I was sitting on the couch with Magnus sleeping in my arms, my bum making a permanent indent in the couch for sitting on it hours and days on end staring at entire seasons of Friends. My body hurt. I could literally feel my body turning into the shape of my couch. My shoulders were rounding forward, my hip flexors were cramping, and neck was always aching.
My ass would get numb because I’d sit so long that my couch was breaking down beneath me. I felt heavy, not just physically, which I was from giving birth a few months before, but heavy in my energy, and heavy in my mind.
I had this beautiful little miracle in my arms and I was joyless.
There are many reasons I had PPD. I had a traumatic birth that left me with PTSD, I also had a beautiful baby that did not sleep, and I didn’t have a lot of support. I also learned through my family of origin that asking for anything would be too much for them. So I learned how to never ask anything from anybody and be entirely self reliant, and it was destroying me.
This was not what I imagined for myself as a mother or for my life. I didn’t want to be a lifeless zombie staring at a screen to kill the endless hours of the monotony of my day.
When I imagined myself as a mom, I saw myself as an active woman who was outside, active with her baby, happy and smiling. I saw her as actively going after what she wanted and living on her terms. I saw sunshine and swing sets and running with a stroller. I saw mom and baby yoga, meditating while he was sleeping, and working on my business to help other women.
My wake up call was when Dave walked up the stairs and stood in front of me while I was rooted to the couch with Magnus nursing. He looked at me and said, “Nioka said you’re drowning. What do we need to do?”
Tears flooded my eyes and streamed down my cheeks. I had been denying this to myself and everyone else for months. I was drowning and I was scared I wouldn’t make it out of the dark murky water that was sucking me under. I had been in denial about PPD, and then told myself that, “I can’t do anything about it.” Believing that I would just had to wait it out.
We all know what we need to do to feel better, at least to some degree. We know that we need to get to bed earlier. We know that we should eat less packaged food. We know we should move our bodies more than we do. This is why the 3 pillars of health are: sleep, diet, and exercise. Even the smallest change in one of these categories has the potential to be life changing.
For most of us, no matter what your circumstance, any of these 3 can easily be changed in your life. Everyone is busy. EVERYONE. What gets us to make the change isn’t our circumstance, it’s our perspective and it comes down to two words: can’t and won’t.
How often have you said to yourself, “I can’t go to bed earlier because then I’d miss out on having a few hours of adult time” or “I can’t work out in the morning because I’m too tired and I need my sleep” or “I can’t meal plan because I don’t have time” or “I can’t meditate because my mind is too busy.”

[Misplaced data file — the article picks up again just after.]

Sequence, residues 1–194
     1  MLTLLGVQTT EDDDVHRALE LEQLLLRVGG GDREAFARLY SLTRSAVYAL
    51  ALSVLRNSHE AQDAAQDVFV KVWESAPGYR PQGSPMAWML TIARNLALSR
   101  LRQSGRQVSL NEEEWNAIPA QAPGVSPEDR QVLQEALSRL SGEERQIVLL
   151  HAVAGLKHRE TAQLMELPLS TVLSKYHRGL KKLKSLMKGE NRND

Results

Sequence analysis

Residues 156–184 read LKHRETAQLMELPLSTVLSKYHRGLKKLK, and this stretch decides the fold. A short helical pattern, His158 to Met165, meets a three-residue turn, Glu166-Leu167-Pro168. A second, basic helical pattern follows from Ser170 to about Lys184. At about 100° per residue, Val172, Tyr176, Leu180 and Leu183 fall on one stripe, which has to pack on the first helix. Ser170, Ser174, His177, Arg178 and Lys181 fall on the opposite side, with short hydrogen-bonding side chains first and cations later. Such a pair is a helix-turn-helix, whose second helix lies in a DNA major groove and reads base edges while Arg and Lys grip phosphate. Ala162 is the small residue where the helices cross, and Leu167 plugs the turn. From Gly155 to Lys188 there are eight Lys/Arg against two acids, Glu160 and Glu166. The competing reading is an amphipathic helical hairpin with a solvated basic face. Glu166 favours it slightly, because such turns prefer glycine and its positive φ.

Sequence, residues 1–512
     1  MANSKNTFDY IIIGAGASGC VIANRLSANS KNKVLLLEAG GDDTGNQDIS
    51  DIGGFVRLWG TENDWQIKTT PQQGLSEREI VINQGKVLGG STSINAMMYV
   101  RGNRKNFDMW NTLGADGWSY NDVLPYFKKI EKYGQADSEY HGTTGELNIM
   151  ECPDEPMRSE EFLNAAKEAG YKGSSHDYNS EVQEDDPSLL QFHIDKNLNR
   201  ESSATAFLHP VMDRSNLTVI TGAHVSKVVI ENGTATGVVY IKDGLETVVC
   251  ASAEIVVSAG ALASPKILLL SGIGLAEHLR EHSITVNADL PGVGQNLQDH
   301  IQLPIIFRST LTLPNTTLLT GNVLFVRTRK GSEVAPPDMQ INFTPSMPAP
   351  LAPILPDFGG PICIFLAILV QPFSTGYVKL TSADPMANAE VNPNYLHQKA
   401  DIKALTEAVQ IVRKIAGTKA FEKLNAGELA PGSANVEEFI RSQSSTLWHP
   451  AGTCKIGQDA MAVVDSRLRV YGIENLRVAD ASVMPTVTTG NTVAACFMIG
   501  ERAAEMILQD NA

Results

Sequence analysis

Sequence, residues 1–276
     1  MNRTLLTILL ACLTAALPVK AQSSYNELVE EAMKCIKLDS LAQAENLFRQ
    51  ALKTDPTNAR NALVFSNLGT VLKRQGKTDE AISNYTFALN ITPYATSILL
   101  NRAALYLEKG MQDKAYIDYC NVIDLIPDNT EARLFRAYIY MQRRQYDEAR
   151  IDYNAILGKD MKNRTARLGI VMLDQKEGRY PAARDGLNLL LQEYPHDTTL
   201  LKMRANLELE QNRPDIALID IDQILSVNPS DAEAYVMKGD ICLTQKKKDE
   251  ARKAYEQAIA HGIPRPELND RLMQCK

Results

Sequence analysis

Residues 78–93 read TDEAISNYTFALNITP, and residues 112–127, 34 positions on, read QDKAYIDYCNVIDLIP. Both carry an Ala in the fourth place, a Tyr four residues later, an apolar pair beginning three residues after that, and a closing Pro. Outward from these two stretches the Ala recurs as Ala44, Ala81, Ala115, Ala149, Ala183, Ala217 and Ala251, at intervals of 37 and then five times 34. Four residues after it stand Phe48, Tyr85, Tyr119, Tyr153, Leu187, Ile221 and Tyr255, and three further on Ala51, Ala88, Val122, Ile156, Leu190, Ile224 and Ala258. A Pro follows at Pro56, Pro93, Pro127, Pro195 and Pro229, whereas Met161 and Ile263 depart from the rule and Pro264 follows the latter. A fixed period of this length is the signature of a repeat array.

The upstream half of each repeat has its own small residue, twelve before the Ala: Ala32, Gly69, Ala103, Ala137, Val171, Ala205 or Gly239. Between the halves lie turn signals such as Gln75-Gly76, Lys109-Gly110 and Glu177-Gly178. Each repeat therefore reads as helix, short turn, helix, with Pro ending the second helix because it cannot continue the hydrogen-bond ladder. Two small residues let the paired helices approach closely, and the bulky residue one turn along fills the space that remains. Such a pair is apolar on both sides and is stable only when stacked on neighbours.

Now reread all of those sentences and replace the word “can’t” with “won’t.” “I won’t go to bed earlier because then I’d miss out on having a few hours of adult time” or “I won’t work out in the morning because I’m too tired and I need my sleep” or “I won’t meal plan because I don’t have time” or “I won’t meditate because my mind is too busy.”
Most of the time when we say we can’t, what we really mean is that we won’t, and what “I won’t” means is: I’m scared, I’m not willing to take the risk, I’m not willing to do this, I don’t want to work that hard, I’m not willing to move around my other priorities.
But the reality is, when you want something bad enough, you will do anything to make that happen and will overcome any of your excuses. We’ve all had times that when we have wanted something bad enough, we have moved heaven and earth to make it happen. This is how powerful you are when you really want something.
So, the next time when you’re feeling stuck, ask yourself is this a can’t or a won’t.
It doesn’t make you bad or lazy, it just makes you honest, and in that honesty, you create space. That space allows you to see your priorities clearly and let go of the “shoulds.” You can stop saying that you “should go to bed earlier” or “should eat healthier” or “should exercise more.” It just feels bad, so just stop, accept it as a won’t, and move on knowing that you totally have the power to do this when you decide you are ready to do it. Really, you’re kind of like Dorothy with the red slippers, only yours are better because now you know you’re wearing them.
There is power in clarity, and that’s why knowing the difference between a “can’t” or a “won’t” can be so transformative. It might be exactly what you need in either getting motivated to do the thing you know will help you feel better, or in being more compassionate and gentler with yourself and letting it go…even if it’s just for now.
I’d love to hear your thoughts now: what have you been wanting to do but have been saying you “can’t” do? And are there any that you can now let go of because it’s a “won’t” you’re not willing to do right now?
Tell me all about it in the comments below.